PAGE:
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Running Count vs. True Count

Generally speaking, you can depend on 20-21 cards being dealt out for each round of play at a full table in the casinos at Atlantic City. The same holds true for the Strip in Vegas. Thus, after three rounds of play a little over one deck has been played out. Or as we see it, two half-decks. We find the count is now +8 in a six-deck game. There were originally 12 half decks, and now there are 10 half-decks remaining. If we divide +8 by 10 we get the true count, which is +.80, not quite +1. If the count at that point had been +10, the count would be +1. This is the true count.

Why a true count rather than a running count? Here's why. Suppose after one round of play in a six-deck game, the deck is +10. It sounds impressive, but there are a lot of cards re­maining in the dealer's shoe, approximately 290 of them. A +10 sounds good, but divided by 12 half-decks, it's less than +1 as a true count.

Now, suppose that the count is the same +10 after ten rounds of play. Assuming that 21 cards have been dealt out on each round, the cards dealt out total 210 or approximately four decks, or eight half-decks. That leaves only four half­ decks remaining. We divide our running count of +10 by 4 and get a +2.5 true count reading, much stronger than our earlier +10 divided by 12 half-decks or +.8.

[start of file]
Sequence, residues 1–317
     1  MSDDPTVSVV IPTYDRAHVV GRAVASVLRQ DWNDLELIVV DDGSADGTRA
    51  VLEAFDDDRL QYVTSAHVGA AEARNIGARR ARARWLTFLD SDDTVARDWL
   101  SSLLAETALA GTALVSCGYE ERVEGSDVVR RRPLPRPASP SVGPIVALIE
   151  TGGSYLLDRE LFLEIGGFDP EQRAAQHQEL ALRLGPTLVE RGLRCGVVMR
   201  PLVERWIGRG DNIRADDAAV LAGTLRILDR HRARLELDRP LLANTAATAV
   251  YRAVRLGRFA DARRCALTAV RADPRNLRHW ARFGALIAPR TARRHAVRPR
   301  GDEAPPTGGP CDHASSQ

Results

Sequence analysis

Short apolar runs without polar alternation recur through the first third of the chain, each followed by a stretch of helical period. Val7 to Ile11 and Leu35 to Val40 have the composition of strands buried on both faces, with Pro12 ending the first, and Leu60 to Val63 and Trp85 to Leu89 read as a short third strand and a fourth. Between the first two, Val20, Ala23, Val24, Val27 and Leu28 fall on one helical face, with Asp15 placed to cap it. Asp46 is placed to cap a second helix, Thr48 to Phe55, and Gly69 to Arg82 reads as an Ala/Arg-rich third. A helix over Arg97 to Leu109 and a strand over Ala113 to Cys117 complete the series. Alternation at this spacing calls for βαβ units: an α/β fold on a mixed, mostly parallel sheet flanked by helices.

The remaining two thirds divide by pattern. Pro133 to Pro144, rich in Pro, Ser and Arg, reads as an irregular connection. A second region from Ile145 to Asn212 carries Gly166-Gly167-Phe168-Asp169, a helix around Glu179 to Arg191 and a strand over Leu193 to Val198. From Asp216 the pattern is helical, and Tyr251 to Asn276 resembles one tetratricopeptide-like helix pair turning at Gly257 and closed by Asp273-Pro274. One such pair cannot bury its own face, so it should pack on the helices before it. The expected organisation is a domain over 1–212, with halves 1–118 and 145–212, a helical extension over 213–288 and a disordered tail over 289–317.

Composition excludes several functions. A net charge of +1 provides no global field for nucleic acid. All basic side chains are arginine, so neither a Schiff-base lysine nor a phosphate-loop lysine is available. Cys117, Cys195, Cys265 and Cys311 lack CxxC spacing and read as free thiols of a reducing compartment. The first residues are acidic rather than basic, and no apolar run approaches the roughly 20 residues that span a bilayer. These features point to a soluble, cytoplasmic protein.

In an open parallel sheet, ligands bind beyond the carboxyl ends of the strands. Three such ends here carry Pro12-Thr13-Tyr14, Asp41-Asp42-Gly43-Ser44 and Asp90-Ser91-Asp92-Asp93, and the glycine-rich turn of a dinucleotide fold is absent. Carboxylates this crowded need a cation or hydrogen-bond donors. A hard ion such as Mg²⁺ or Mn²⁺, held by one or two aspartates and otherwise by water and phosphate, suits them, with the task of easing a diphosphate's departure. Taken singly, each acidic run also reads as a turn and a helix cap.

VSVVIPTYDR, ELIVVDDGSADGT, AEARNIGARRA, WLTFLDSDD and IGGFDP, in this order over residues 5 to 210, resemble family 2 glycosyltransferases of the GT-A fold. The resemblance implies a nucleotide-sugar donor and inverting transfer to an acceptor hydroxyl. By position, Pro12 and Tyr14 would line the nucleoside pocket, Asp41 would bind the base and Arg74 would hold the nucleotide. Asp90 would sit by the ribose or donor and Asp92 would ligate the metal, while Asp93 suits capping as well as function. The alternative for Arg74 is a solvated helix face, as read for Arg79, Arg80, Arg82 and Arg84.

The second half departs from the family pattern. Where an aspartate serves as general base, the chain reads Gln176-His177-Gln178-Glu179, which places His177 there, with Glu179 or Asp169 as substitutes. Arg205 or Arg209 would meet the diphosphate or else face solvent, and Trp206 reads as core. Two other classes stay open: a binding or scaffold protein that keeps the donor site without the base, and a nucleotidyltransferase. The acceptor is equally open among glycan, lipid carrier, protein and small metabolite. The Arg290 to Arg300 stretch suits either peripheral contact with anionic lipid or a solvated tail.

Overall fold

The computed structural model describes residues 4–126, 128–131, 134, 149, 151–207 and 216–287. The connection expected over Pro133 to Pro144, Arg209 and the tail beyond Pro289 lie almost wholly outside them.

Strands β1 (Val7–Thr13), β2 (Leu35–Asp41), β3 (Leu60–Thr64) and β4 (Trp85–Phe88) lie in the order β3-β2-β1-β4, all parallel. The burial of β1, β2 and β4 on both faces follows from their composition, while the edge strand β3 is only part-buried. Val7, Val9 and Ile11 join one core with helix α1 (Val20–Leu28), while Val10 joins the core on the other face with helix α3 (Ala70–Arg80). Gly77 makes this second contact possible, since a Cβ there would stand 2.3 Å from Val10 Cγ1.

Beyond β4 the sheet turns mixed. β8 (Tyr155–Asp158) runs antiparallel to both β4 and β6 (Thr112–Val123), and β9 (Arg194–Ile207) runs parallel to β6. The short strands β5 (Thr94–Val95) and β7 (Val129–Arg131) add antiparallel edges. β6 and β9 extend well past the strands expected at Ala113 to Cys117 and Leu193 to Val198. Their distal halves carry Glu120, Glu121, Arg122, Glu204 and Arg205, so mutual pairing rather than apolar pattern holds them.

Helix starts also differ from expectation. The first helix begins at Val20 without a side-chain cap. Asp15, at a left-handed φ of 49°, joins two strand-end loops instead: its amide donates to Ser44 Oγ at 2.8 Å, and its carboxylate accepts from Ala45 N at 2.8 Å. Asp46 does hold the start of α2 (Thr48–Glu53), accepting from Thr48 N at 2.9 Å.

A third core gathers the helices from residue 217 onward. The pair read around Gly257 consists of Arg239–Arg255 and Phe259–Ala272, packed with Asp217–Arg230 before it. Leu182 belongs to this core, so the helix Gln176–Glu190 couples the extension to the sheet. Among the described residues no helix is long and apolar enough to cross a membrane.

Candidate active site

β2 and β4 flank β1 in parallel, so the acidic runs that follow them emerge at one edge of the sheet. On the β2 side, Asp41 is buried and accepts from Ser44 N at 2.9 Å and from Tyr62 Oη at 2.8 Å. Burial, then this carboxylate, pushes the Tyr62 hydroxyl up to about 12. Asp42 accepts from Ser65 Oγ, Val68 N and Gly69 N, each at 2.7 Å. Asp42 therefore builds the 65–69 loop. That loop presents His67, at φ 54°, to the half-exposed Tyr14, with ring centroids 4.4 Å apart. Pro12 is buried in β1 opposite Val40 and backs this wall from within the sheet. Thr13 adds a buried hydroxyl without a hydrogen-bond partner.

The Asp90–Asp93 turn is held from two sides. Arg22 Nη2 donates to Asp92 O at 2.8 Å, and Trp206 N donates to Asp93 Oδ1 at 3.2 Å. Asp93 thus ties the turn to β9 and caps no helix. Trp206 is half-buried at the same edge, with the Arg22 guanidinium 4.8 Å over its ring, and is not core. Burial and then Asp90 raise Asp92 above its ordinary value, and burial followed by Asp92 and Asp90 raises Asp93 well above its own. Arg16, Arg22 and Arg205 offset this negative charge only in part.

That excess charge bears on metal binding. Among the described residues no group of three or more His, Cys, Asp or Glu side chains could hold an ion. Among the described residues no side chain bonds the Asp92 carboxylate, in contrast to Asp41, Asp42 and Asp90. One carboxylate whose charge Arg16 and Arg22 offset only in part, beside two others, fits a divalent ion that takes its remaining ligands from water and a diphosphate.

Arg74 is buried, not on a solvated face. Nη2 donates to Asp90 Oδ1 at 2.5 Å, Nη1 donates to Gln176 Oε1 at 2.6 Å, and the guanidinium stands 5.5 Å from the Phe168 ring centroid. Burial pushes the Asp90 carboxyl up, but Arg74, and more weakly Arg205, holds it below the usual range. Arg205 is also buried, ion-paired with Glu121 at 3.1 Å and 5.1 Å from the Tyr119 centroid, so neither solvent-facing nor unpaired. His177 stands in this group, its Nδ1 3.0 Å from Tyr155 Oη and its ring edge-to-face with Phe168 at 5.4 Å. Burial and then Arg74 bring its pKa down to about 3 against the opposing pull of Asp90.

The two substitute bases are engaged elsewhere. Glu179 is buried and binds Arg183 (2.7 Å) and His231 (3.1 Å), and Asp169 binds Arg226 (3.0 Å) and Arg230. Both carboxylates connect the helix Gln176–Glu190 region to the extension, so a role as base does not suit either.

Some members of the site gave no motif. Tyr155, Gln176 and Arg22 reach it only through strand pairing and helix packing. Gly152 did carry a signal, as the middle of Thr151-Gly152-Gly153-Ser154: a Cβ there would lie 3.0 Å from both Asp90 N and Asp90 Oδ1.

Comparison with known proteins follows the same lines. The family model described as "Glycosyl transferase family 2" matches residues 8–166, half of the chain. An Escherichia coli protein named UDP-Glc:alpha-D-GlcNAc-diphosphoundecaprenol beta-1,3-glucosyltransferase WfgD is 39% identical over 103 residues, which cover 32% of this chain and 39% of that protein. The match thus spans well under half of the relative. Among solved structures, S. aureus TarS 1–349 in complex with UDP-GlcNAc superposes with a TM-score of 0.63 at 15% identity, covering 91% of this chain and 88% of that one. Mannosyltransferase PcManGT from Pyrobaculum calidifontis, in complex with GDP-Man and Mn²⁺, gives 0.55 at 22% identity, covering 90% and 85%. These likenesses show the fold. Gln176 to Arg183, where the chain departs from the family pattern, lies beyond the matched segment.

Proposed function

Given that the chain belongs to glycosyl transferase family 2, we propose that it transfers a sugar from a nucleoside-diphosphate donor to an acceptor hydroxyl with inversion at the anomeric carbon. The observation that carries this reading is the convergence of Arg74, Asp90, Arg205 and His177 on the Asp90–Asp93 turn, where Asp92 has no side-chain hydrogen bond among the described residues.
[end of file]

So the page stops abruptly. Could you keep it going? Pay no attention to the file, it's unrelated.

The true count does give us a guide to the real power of our advantage over the house. A +10 after one round of play isn't as good as a +10 running count after 10 rounds of play. In fact, the +10 running count after ten rounds of play is about three timesaspowerful as the one after one round of play. And if it's three times as strong, it deserves a much bigger bet.

There's the key. With our true count we know how much strength our running count really has by turning it into a true count, and we increase our bet according to its power.

That's what the pros do. That's why they win in multiple ­deck games wherever they play. Let's give some examples to make this absolutely clear. We're in a four-deck game, and therunning count is +12. It's a crowded table and five rounds of cards have been played, approximately 102 cards (21 per round). That's about two decks, or 4 half-decks. Since the 4-deck game started with 8 half-decks, there are now four remaining. We divide our +12 running count by 4 and get a +3 true count, a very powerful plus count. We make a big bet.

Now, let's switch to a six-deck game. Eight rounds of play have gone by or approximately 168 cards have been dealt out. That's a little more than three decks or 6 half-decks. Since we started with 12 half-decks for our six-deck game, 6 half-decks remain. Our running count is +12. If  we divide +12 by 6 we get a +2 true count, which is very strong. As can be seen, the true count is always less than the running count, and any plus value on a true count is powerful, and the higher the true count, the more powerful it is.

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